I Credit Smart Phones

Protests against inequality and police brutality that were once limited to the slums and their immediate neighbors are now moving to wealthier neighborhoods, as technology, particularly smart phones allow organizers to organize more distant locales.

This is a good thing. Protests SHOULD afflict the comfortable:

In the years since American cities erupted in anger in the 1960s, many of the conditions that fueled that unrest — even with the ideas drafted to address them — have changed little. Most deeply poor urban neighborhoods have remained that way. Schools that for a time grew more integrated have resegregated. Aggressive policing has continued as a defining feature of urban life for young black men.


In Chicago, protesters have converged on Michigan Avenue, the city’s famous strip of high-end retail. In Atlanta, it has been affluent Buckhead. In Philadelphia, Center City. In New York, SoHo. In Los Angeles, protest leaders have deliberately steered toward upscale neighborhoods, including downtown and Beverly Hills.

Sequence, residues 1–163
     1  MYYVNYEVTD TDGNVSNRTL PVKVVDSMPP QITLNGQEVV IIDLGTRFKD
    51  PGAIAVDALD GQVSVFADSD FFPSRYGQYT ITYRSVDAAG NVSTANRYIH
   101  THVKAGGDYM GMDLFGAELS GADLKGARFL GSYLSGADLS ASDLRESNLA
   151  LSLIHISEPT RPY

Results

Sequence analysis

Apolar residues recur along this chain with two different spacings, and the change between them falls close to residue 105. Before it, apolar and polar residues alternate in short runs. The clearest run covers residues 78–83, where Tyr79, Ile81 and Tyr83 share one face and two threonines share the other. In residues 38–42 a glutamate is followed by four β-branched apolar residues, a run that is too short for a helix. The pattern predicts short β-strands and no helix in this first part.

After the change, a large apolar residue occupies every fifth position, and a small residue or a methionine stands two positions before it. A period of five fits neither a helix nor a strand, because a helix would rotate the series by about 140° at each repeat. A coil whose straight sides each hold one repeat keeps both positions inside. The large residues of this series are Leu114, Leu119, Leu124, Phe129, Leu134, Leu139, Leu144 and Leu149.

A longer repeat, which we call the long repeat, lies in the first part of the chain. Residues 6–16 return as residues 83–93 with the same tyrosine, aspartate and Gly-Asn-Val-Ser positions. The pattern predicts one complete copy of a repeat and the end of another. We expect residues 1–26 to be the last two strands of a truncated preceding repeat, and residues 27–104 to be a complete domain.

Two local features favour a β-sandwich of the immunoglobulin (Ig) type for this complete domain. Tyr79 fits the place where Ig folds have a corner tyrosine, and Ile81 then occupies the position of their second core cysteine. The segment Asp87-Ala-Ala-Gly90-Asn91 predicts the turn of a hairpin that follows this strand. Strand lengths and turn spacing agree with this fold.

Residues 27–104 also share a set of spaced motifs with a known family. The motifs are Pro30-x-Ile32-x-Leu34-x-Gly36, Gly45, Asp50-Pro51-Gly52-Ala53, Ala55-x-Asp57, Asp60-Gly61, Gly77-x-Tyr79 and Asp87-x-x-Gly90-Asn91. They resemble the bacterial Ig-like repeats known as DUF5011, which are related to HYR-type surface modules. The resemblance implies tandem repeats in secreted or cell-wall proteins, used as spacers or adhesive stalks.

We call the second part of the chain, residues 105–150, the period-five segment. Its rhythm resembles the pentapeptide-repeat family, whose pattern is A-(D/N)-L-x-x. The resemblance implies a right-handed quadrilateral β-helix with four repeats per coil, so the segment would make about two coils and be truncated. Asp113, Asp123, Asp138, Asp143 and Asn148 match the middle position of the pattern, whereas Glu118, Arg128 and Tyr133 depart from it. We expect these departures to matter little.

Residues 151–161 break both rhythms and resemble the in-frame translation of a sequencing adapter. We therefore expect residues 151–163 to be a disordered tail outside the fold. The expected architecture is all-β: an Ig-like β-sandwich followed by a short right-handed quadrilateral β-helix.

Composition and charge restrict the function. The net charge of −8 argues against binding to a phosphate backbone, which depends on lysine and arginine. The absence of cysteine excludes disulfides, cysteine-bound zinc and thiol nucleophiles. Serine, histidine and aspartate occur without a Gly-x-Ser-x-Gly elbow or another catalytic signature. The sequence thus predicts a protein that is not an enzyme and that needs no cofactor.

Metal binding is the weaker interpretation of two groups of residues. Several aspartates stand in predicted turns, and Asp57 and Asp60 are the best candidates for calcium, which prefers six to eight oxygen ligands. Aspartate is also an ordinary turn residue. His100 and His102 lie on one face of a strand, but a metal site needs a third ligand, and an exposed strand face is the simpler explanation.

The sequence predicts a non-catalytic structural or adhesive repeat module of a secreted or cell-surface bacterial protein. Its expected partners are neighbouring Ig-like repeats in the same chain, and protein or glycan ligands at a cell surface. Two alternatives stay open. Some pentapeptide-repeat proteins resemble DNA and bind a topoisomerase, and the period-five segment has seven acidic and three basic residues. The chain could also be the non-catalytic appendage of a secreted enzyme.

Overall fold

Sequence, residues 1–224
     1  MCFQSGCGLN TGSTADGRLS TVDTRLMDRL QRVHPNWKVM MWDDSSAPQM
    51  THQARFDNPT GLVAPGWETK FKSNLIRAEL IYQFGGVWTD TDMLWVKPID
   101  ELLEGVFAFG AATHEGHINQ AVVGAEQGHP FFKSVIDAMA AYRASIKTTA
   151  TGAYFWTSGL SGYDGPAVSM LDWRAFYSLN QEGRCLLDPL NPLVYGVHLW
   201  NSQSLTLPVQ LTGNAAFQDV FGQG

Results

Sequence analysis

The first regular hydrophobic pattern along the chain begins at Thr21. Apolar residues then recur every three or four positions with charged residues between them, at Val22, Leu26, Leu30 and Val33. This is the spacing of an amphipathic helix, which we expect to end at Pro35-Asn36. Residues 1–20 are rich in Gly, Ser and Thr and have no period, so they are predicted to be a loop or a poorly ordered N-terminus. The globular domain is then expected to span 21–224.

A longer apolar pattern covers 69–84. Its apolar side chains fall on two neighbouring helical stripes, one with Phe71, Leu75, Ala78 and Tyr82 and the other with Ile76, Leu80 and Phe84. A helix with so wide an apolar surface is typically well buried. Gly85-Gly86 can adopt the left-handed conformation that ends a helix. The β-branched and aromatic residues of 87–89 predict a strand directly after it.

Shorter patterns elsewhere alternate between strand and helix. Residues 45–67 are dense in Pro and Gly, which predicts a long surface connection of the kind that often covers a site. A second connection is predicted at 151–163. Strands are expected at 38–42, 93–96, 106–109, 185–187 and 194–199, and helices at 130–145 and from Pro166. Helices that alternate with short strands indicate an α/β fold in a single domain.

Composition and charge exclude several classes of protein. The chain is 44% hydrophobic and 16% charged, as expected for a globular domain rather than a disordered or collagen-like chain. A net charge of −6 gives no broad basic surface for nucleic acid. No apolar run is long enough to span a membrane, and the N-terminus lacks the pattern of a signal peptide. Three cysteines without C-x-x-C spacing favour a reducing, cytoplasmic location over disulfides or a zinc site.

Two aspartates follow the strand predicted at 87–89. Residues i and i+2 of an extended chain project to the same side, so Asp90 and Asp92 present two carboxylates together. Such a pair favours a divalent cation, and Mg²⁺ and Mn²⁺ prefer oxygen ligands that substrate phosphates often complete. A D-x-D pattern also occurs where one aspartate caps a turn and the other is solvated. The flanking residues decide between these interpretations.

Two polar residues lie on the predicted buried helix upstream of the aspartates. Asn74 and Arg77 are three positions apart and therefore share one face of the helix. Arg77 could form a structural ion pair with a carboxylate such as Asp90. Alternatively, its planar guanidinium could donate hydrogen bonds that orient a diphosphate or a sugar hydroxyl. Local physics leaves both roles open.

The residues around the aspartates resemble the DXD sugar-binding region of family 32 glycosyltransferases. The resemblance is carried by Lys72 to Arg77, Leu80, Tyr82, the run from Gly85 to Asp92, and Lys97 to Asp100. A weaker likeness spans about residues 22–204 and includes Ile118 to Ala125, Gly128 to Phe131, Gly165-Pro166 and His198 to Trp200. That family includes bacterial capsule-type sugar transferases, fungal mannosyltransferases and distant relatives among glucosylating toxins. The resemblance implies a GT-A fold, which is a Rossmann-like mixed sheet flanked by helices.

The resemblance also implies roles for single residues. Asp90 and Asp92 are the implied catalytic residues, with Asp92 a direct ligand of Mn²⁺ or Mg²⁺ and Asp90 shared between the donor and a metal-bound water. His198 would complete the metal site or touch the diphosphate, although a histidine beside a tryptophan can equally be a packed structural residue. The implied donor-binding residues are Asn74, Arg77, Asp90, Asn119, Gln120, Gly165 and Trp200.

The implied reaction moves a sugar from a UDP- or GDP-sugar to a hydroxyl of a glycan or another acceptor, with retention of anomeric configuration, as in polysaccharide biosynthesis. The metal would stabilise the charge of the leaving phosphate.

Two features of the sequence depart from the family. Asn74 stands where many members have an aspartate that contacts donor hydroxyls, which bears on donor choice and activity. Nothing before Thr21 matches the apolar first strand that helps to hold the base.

There is limited symbolism in a store hit by opportunistic looting. But historians have noted the shifting geography of protest. In 1964 in Philadelphia, black neighborhoods along Columbia Avenue and North Broad Street were damaged, Thomas Sugrue, a historian at N.Y.U., pointed out. This time, high-end Chestnut and Walnut Streets around Rittenhouse Square downtown were hit over the weekend, before unrest spread through much of the city. In Los Angeles, where Watts was a site of unrest in 1960s, now Rodeo Drive is one instead.

This is good.

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